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Maroon Culture, Maroon Language. Nicole Scott . Aims. To discuss the impact of separation on culture and language To ascertain why maroon communities adopted Creole Languages. Issues to be considered.

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Maroon Culture, Maroon Language

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Maroon Culture, Maroon Language

Nicole Scott


Aims

  • To discuss the impact of separation on culture and language

  • To ascertain why maroon communities adopted Creole Languages.


Issues to be considered

  • -What is marronage? Who is involved in the process (marronage of “salt water” slaves vs. acculturated slaves and Creole slaves

  • -Rate of marronage and nature of marronage (petit Marronage vs. grand Marronage)

  • -Extent of contacts between maroon communities and plantations

  • -Ethnic and linguistic homogeneity within the maroon population


Issues to be considered cont’d

  • Extent of contacts between maroon communities and plantations.

  • Ethnic and linguistic homogeneity within the maroon population


Issues to be considered con’t

  • Stability of maroon communities (related to efforts made by colonial administration to “hunt down” maroons, in turn related to the resources which planters were willing or forced to commit to these efforts)


What is the impact of separation on language and culture?

  • To discuss we need to become aware of the history of the maroons.


History of the Maroons

  • Maroons formed one of the oldest free black societies in the new world.

    • How?


History of the Maroons

  • Africans were brought to the Caribbean under different European authorities to work on sugar plantations.

  • Maroon communities were formed by runaways from the plantations.


History of the Maroons cont’d

  • The new societies were: -

    • tiny bands that survived less than a year

    • powerful states encompassing thousands of members. These larger communities survived for generations and even into the twenty first century.


History of the Maroons cont’d

  • The English word ‘maroon’ like the French ‘marron’ comes from the Spanish word ‘Cimarron’


History of the Maroons cont’d

  • Maroons are characterized by their history of resistance.

    • Revolts in slave factories of West Africa.

    • Mutinies during the middle passage

    • Organized rebellions

    • Day to day resistance – subtle but systematic acts of sabotage.


History of the Maroons cont’d

  • Wilderness setting of early New World Plantations made marronage and the existence of organized maroon communities an ever-present reality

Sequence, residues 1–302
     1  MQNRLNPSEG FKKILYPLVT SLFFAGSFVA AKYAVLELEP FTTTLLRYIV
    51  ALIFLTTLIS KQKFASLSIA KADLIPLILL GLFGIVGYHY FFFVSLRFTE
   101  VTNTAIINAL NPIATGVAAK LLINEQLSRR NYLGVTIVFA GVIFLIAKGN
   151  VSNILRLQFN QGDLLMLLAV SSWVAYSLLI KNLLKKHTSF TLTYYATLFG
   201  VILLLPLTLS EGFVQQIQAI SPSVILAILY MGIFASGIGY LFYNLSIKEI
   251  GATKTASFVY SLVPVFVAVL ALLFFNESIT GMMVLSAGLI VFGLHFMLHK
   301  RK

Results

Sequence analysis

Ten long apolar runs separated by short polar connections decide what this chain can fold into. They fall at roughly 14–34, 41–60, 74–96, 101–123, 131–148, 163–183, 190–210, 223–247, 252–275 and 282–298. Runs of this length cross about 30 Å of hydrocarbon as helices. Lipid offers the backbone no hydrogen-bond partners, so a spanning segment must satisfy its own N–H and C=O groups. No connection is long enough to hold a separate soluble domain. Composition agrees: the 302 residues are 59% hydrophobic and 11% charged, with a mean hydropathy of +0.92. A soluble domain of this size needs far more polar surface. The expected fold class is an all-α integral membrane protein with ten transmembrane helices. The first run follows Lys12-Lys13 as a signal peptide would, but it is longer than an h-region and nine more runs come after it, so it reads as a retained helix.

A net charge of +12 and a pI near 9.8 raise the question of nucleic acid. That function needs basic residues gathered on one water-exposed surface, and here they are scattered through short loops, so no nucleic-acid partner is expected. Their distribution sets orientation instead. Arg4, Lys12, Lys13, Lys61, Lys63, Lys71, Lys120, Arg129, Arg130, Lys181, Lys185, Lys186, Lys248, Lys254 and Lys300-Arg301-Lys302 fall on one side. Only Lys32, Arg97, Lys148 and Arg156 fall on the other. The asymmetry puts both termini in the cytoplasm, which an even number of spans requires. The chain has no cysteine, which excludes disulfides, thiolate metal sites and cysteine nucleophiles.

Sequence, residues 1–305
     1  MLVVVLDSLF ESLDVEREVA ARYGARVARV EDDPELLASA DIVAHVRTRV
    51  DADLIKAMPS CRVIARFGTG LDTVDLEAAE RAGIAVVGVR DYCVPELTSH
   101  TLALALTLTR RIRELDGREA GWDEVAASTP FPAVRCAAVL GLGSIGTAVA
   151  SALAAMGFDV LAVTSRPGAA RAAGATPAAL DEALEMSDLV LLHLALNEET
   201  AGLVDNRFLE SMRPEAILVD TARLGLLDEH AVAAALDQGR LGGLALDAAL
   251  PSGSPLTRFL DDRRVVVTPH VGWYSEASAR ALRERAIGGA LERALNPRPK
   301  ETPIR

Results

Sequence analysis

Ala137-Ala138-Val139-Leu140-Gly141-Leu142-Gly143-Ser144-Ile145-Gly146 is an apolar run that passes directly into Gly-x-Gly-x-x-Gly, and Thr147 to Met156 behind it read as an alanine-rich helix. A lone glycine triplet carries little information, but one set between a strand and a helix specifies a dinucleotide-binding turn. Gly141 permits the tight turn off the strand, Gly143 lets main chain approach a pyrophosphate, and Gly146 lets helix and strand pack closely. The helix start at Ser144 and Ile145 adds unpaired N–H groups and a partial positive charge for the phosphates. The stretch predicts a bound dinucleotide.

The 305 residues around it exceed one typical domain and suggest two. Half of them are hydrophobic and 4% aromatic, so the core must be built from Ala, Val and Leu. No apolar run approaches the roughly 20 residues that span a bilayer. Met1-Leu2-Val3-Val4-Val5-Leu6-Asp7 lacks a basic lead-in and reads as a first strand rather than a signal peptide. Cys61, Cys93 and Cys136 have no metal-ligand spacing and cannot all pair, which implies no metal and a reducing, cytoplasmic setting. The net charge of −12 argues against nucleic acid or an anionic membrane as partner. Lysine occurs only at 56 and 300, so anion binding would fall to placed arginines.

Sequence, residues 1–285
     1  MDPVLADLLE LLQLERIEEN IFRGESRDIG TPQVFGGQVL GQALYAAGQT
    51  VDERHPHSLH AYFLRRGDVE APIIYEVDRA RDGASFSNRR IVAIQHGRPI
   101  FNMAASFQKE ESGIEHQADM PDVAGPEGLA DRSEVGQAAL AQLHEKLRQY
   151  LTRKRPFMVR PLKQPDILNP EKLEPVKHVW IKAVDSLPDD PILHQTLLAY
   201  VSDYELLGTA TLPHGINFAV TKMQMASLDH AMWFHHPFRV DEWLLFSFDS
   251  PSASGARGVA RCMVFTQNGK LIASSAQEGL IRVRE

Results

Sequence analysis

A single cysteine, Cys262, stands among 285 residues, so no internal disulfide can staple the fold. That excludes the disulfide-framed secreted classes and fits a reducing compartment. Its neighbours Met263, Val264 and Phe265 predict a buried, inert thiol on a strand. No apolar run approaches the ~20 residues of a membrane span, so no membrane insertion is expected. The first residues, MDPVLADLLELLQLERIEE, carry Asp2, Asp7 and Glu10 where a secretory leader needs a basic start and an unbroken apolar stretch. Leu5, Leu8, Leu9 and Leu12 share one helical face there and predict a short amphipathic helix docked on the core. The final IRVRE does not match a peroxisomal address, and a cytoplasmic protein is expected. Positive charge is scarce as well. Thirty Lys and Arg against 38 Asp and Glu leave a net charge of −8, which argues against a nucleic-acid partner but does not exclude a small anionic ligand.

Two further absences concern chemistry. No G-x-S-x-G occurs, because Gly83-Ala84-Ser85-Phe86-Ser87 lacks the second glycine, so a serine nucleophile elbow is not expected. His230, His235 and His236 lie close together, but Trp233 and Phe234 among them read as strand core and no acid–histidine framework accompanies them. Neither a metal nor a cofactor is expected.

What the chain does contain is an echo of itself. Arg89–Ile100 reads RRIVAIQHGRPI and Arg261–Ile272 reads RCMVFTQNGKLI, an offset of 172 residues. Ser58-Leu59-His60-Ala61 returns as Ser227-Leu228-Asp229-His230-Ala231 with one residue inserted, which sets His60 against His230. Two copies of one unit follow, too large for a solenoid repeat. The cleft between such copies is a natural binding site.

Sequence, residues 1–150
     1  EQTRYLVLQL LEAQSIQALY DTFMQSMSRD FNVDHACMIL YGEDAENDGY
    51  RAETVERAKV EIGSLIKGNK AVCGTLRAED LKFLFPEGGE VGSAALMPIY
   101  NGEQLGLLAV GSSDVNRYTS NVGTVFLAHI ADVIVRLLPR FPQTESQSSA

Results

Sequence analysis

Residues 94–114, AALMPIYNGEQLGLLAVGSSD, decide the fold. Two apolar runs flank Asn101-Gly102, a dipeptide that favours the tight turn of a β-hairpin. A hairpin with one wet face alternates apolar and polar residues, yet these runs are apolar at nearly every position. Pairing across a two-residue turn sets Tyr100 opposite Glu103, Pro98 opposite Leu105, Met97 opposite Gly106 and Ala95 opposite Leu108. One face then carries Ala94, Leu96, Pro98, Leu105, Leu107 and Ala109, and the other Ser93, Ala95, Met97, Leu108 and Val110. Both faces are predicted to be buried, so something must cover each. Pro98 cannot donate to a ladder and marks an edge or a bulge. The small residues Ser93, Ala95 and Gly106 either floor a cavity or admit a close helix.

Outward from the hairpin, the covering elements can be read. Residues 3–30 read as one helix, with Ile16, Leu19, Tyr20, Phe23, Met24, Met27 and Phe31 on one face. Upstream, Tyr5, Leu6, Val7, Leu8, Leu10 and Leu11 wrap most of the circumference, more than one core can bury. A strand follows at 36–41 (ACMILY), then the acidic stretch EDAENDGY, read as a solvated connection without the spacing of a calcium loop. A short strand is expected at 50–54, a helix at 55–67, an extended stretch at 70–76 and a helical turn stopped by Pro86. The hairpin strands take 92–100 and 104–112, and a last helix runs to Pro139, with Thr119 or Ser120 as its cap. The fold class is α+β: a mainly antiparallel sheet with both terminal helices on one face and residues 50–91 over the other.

History of the Maroons cont’d

  • Today their descendants form semi-independent enclaves in several parts of the Caribbean.

    • They remain proud of their maroon origins

    • They remain faithful to unique cultural traditions


History of the Maroons cont’d

  • Marronage – two types

    • Petit marronage – repetitive or periodic truancy with temporary goals such as visiting a relative or lover on a neighbouring plantation.

    • Grand marronage – individual fugitives banding together to create independent communities of their own.


History of Maroons cont’d

  • Grand marronage was a chronic plague in the plantations. It posed military threats and economic threats.

  • Harsh penalties were often imposed


History of Maroons cont’d

  • “If a slave runs away into the forest in order to avoid work for a few weeks, upon his being captured his Achilles tendon is removed for the first offence, while for a second offence…his right leg is amputated in order to stop his running away; I myself am a witness to slaves being punished in this way” [18th cent. visitor to Suriname]

  • Castration, slowly roasted to death etc.


History of the Maroons cont’d

  • To be viable maroon communities had to be almost inaccessible.

  • Villages typically located in inhospitable “out- of -the- way” areas.

    • Jamaica – Cockpit Country (deep canyons, limestone sinkholes, water and good soil scarce

    • Guianas - impenetrable jungles


History cont’d

  • Locales often inhospitable for troops and original runaways.

    • …the harsh natural environments of early communities at first presented terrifying obstacles and it was only with a great deal of suffering and by bringing to bear the full range of their collective cultural experience and creativity that adaptation was finally achieved.


History cont’d

  • Alienation

  • Lack of adequate resources

    • Few tools (hoes, axes, guns)


History cont’d

  • Some maroon communities in the Caribbean

    • Cuba

    • Hispaniola

    • French Guyana

  • Suriname -Saramacca / Bush Negros

  • Jamaica – Leeward and Windward

    • Leeward (Trelawny Town, Accompong)

    • Windward (Scotts Hall, Charles Town, Nanny Town, Moore Town and adjacent villages)


History cont’d